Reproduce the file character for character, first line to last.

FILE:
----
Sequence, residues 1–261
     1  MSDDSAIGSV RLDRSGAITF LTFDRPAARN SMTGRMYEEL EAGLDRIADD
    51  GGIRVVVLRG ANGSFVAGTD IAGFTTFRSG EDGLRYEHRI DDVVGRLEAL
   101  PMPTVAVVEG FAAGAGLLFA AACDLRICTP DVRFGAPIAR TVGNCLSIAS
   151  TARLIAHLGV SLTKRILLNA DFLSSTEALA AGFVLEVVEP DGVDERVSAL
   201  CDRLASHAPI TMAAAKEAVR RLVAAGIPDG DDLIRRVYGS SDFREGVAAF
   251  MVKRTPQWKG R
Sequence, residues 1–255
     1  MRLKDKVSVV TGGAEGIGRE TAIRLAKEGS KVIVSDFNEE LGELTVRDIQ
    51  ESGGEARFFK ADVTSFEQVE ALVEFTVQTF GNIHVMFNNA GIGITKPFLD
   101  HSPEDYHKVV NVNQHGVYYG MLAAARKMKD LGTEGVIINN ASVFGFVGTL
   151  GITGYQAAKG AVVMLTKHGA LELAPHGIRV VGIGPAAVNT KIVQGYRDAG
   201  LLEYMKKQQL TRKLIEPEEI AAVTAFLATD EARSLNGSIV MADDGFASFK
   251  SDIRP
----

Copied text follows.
Sequence, residues 1–261
     1  MSDDSAIGSV RLDRSGAITF LTFDRPAARN SMTGRMYEEL EAGLDRIADD
    51  GGIRVVVLRG ANGSFVAGTD IAGFTTFRSG EDGLRYEHRI DDVVGRLEAL
   101  PMPTVAVVEG FAAGAGLLFA AACDLRICTP DVRFGAPIAR TVGNCLSIAS
   151  TARLIAHLGV SLTKRILLNA DFLSSTEALA AGFVLEVVEP DGVDERVSAL
   201  CDRLASHAPI TMAAAKEAVR RLVAAGIPDG DDLIRRVYGS SDFREGVAAF
   251  MVKRTPQWKG R
Sequence, residues 1–255
     1  MRLKDKVSVV TGGAEGIGRE TAIRLAKEGS KVIVSDFNEE LGELTVRDIQ
    51  ESGGEARFFK ADVTSFEQVE ALVEFTVQTF GNIHVMFNNA GIGITKPFLD
   101  HSPEDYHKVV NVNQHGVYYG MLAAARKMKD LGTEGVIINN ASVFGFVGTL
   151  GITGYQAAKG AVVMLTKHGA LELAPHGIRV VGIGPAAVNT KIVQGYRDAG
   201  LLEYMKKQQL TRKLIEPEEI AAVTAFLATD EARSLNGSIV MADDGFASFK
   251  SDIRP